Voyageur Panel celebrates safety mark

Employees at the Voyageur Panel OSB mill in Barwick were praised Monday and Tuesday for their exceptional safety record.
It has been two years since the mill had a lost-time incident and it was having a party to celebrate the occasion.
Balloons were hung up, punch was made, and employees were treated to a catered lunch—complete with perogies and topped off with cake. And this was done four times, once for each shift.
But that’s not all. Each employee received a gift in appreciation for their efforts to create a safe environment. Everyone got to choose from half-a-dozen gifts, from clocks to fishing rods, and were presented with their selection at the luncheons held at noon and 9 p.m. both days.
And to commemorate two years of safety, the mill decided to give away two complete computer systems, including a printer and flat screen monitor, to two lucky employees.
Brad Hyatt won Monday while Les Caul was the winner of yesterday’s draw.
“This is the first time I’ve won something,” Hyatt said shortly after his name was drawn. “Well, I won a lifejacket once.”
Hyatt is a millwright with the maintenance department, who’s been with the mill since start up. “It’s definitely a safe place to work,” he said. “Really safe.”
Still, Hyatt said he’s a little surprised by the safety record. Despite how safe things are there, two years is a long time to go without a serious injury.
“We had a rough time the first few years,” he said, recalling a fatality in 1998 involving someone on the job (another person had been killed on site during construction of the mill).
“Now, we have more safety people and more safety programs.”
One of those is the SafeTrack Observation Program, where employees volunteer to do a planned observation of a co-worker and ask them questions about safety.
The questions are a refresher.
Mike Lowes, the mill’s Safety, Health and Wellness co-ordinator , said the program has been well-received and very successful.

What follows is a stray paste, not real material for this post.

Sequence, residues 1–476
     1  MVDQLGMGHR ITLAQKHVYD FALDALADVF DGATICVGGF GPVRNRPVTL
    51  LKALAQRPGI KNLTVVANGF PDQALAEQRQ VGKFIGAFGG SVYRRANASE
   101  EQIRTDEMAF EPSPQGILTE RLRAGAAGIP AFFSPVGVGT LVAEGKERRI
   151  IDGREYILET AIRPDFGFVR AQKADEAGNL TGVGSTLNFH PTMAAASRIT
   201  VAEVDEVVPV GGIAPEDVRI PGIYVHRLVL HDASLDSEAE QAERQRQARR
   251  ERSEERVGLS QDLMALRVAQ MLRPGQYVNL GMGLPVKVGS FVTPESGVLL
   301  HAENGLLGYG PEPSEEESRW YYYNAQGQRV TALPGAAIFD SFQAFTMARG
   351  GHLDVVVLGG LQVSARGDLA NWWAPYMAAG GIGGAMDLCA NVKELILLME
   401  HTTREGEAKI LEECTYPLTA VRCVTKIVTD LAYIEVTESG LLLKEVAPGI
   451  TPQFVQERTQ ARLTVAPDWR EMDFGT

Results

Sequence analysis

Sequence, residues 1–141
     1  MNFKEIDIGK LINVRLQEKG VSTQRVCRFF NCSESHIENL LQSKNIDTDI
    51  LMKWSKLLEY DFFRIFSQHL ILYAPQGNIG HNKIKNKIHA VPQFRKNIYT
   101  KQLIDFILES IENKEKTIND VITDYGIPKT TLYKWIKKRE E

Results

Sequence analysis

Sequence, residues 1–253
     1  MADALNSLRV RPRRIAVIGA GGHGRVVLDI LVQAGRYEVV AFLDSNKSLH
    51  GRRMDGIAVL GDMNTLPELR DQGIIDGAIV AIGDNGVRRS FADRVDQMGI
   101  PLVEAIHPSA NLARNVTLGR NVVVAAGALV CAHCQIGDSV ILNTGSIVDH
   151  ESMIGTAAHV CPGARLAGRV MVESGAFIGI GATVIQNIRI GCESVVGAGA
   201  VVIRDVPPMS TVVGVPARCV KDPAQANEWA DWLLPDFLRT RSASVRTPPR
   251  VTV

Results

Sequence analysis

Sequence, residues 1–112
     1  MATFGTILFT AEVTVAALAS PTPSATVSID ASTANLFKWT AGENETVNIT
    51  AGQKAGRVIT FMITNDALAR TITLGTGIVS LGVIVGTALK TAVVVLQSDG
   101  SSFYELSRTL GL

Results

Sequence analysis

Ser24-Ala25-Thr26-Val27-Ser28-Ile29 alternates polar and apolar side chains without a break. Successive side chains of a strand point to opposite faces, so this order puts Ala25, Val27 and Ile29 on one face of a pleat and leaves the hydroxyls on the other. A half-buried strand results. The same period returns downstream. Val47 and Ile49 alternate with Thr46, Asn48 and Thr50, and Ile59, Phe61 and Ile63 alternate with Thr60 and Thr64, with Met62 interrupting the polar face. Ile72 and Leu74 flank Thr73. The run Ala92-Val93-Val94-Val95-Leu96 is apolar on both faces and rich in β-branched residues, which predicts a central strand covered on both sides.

“In 2003, we will offer a draw to Disneyland for people who do three in a month,” he noted.
Lowes added all new employees go through seven weeks of training, including extensive safety training. Three of those weeks are strictly classroom work.
And all employees get refreshers annually on just about every operation in the mill.
But safety isn’t just a top-down protocol. Employees have a “Go home safe” board at the door leading into the mill. It has family pictures on it—basically a picture of anything someone feels is something they want to make it home for.
“It’s the culture around here,” Lowes remarked. “The expectation is safety. It’s part of your job. The guys [and gals] are committed.”
Even with this commitment, two years still is a real accomplishment.
“I don’t think we had a full year in before,” said Hyatt of the last safety streak.
“We’ve got more experience now,” Lowes remarked. “It [experience] has come up, our commitment to training has come up. We’ve really done well.”
“I think we’ve got a good program in place, good training and people who pay attention to detail,” agreed mill manager Percy Champagne.
He also attributed the extended safety record to the experience of the crew, many of whom have been with the mill since start-up.
“People are more experienced and know their jobs better,” he said. “I’ve been in the industry since 1978 and this is the first time I’ve been part of a two-year, lost-time accident celebration.
“These are the guys that did it,” he added, pointing to the employees lined up for lunch Monday at noon. “I’m pretty proud to be associated with this work group and proud of how they take care of themselves.”